Featured Research

from universities, journals, and other organizations

Farmed Fish May Pose Risk For Mad Cow Disease

Date:
June 17, 2009
Source:
IOS Press BV
Summary:
Neurologists questions the safety of eating farmed fish, adding a new worry to concerns about the nation’s food supply. They suggest farmed fish could transmit Creutzfeldt Jakob disease -- commonly known as mad cow disease -- if they are fed byproducts rendered from cows.

University of Louisville neurologist Robert P. Friedland, M.D., questions the safety of eating farmed fish in Journal of Alzheimer’s Disease, adding a new worry to concerns about the nation’s food supply.

Related Articles


Friedland and his co-authors suggest farmed fish could transmit Creutzfeldt Jakob disease--commonly known as mad cow disease--if they are fed byproducts rendered from cows. The scientists urge government regulators to ban feeding cow meat or bone meal to fish until the safety of this common practice can be confirmed.

“We have not proven that it’s possible for fish to transmit the disease to humans. Still, we believe that out of reasonable caution for public health, the practice of feeding rendered cows to fish should be prohibited,” Friedland said. “Fish do very well in the seas without eating cows,” he added.

Creutzfeldt Jakob disease is an untreatable, universally-fatal disease that can be contracted by eating parts of an animal infected with bovine spongiform encephalopathy (BSE or mad cow disease). An outbreak in England attributed to infected beef prompted most countries to outlaw feeding rendered cow material to other cattle because the disease is so easily spread within the same species.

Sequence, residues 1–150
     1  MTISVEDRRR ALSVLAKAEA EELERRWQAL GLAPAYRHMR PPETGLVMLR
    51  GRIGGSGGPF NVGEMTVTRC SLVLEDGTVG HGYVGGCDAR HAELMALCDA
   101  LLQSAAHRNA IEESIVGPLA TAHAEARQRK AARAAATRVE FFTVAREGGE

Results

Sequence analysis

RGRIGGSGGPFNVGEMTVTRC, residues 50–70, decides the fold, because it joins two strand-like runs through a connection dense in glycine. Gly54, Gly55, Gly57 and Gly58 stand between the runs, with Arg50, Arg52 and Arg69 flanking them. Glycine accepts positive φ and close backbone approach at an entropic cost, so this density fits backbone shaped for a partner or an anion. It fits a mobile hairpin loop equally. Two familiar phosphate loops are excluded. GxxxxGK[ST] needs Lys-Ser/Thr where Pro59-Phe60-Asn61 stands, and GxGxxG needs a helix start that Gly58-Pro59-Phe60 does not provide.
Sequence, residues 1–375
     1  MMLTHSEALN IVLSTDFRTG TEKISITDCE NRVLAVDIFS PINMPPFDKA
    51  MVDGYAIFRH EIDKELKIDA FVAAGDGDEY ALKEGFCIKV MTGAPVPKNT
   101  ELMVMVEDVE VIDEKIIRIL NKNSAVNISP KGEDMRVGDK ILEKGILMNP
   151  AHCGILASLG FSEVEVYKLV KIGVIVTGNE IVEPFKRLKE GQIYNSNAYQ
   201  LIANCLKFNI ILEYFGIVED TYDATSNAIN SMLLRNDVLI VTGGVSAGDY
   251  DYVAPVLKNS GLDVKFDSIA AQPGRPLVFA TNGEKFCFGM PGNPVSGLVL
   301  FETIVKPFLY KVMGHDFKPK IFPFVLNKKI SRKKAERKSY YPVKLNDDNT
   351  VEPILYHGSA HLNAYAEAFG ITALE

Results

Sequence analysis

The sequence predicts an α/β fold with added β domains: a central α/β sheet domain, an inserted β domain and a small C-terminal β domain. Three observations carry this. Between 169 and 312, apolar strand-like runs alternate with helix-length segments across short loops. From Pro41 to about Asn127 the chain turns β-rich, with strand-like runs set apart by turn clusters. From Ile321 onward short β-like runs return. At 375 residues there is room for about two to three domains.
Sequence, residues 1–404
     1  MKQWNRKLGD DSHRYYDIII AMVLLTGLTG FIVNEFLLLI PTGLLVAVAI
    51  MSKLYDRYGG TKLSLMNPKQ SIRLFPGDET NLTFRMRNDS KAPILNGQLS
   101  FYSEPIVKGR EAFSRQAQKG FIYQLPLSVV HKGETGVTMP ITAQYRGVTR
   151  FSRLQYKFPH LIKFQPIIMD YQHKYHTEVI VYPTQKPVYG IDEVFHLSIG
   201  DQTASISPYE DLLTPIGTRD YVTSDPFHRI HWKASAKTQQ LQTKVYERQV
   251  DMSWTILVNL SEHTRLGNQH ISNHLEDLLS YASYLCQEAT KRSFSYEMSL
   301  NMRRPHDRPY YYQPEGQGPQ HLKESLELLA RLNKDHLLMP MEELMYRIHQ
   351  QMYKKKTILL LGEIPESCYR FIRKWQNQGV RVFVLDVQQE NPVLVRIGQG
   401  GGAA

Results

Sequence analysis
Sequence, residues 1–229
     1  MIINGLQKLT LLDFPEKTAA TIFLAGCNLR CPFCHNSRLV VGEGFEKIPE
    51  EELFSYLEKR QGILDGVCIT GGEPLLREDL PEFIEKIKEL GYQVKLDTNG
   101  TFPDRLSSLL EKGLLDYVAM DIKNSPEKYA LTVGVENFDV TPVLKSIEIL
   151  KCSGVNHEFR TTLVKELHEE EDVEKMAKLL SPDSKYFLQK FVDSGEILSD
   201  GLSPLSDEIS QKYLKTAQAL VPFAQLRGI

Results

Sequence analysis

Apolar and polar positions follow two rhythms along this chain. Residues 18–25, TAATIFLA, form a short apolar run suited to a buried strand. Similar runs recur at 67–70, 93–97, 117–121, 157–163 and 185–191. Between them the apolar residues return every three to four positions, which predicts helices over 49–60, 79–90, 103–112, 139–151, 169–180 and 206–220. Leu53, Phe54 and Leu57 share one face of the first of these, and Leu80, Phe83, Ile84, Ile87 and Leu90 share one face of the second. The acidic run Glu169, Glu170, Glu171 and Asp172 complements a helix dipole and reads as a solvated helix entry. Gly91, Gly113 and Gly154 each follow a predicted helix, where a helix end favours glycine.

The risk of transmission of BSE to humans who eat farmed fish would appear to be low because of perceived barriers between species. But, according to the authors, it is possible for a disease to be spread by eating a carrier that is not infected itself. It’s also possible that eating diseased cow parts could cause fish to experience a pathological change that allows the infection to be passed between the two species.

“The fact that no cases of Creutzfeldt Jakob disease have been linked to eating farmed fish does not assure that feeding rendered cow parts to fish is safe. The incubation period of these diseases may last for decades, which makes the association between feeding practices and infection difficult. Enhanced safeguards need to be put in place to protect the public,” Friedland said.

There have been 163 deaths from Creutzfeldt Jakob disease in the United Kingdom attributed to eating infected beef. Bovine spongiform encephalopathy has been identified in nine Canadian and three U.S. cattle.


Story Source:

The above story is based on materials provided by IOS Press BV. Note: Materials may be edited for content and length.


Cite This Page:

IOS Press BV. "Farmed Fish May Pose Risk For Mad Cow Disease." ScienceDaily. ScienceDaily, 17 June 2009. <www.sciencedaily.com/releases/2009/06/090616080143.htm>.
IOS Press BV. (2009, June 17). Farmed Fish May Pose Risk For Mad Cow Disease. ScienceDaily. Retrieved December 22, 2014 from www.sciencedaily.com/releases/2009/06/090616080143.htm